MarinHealth Medical Network is the medical foundation that represents the expert clinicians and physicians who practice at primary and specialty care MarinHealth | UCSF Health Clinics throughout the North Bay.
This essential fundraising organization works tirelessly to inspire philanthropy from donors large and small. The Foundation’s important work provided for the construction of the new hospital building, Oak Pavilion, and supports key hospital service lines.
The NBLC board member representative is Dr. David Klein, Chief Executive Officer of MarinHealth. Dr. Klein said, “MarinHealth serves the North Bay and we are excited to work with other North Bay leaders on public policy issues like housing, education, healthcare, and the environment for the betterment of all. Hospitals have a crucial role to play in the health of the people and economy of this region. We look forward to partnering with NBLC members to strengthen our region’s vitality.”
Dr. Klein brings an informed perspective to his position as CEO of MarinHealth, having spent the first fourteen years of his career working as a general surgeon. Since leaving the operating room, Dr. Klein has built a long, successful career as a healthcare executive and hospital CEO. His open leadership style fosters communication and collaboration between the hospital staff, the administration, and the community at large.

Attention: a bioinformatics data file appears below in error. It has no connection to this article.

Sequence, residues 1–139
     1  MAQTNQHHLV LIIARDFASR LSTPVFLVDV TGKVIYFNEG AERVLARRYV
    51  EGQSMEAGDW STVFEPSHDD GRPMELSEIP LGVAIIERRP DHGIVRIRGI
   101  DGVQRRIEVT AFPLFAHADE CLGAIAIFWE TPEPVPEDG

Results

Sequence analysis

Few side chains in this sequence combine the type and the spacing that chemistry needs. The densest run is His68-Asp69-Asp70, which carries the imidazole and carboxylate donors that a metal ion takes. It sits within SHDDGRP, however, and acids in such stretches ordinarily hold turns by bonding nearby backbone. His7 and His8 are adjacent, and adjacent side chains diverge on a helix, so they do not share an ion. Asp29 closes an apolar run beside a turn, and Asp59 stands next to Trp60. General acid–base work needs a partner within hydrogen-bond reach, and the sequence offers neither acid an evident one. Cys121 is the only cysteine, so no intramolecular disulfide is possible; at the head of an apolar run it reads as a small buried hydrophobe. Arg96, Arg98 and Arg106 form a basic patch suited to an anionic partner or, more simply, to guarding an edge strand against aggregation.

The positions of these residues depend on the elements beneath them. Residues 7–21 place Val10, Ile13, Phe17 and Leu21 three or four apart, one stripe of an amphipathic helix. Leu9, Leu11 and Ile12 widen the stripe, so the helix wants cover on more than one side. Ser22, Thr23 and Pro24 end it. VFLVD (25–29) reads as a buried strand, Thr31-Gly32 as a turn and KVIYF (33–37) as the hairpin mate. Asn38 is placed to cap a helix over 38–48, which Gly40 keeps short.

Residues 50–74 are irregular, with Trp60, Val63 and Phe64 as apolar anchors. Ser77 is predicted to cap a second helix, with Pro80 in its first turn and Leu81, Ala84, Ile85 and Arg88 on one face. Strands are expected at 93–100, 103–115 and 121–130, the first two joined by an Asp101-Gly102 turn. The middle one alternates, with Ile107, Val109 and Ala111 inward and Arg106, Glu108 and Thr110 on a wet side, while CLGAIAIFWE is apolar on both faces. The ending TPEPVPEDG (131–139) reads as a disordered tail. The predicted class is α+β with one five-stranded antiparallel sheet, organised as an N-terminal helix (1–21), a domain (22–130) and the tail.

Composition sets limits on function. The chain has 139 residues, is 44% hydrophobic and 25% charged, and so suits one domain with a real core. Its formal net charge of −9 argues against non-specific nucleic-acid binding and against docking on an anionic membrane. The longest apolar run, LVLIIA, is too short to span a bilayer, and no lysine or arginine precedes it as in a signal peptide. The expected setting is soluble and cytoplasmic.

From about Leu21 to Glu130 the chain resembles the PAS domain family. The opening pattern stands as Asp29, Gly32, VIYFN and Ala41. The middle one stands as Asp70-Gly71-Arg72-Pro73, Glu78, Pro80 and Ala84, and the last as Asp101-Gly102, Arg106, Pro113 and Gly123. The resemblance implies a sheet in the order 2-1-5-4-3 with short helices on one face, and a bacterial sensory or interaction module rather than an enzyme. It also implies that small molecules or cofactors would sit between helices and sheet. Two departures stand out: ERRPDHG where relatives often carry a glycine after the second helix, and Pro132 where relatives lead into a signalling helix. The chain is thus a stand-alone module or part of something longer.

Prior to his position at MarinHealth, Dr. Klein served as President and CEO of Dignity Health’s two San Francisco-based hospitals: Saint Francis Memorial Hospital and St. Mary’s Medical Center. At Dignity Health, he oversaw a great deal of positive change, including a turnaround to profitability, multiple Healthgrades Five Star and Excellence Awards, the development of a Transgender Health Program, the establishment 14 Bay-Area based urgent care centers, and the launch of the new Bothin Burn Center, the largest burn unit in Northern California.
Dr. Klein has sat on numerous community boards, from the American Heart Association, March of Dimes, and American Cancer Society to the Fort Worth Chamber of Commerce. He is the current Chair of the San Francisco Section of the Hospital Council of Northern and Central California and a member of the San Francisco Marin Medical Society. Dr. Klein received his bachelor’s degree from the University of Southern California, his medical degree from the University of New Mexico, and his master’s degree in Business Administration from the University of California, Irvine.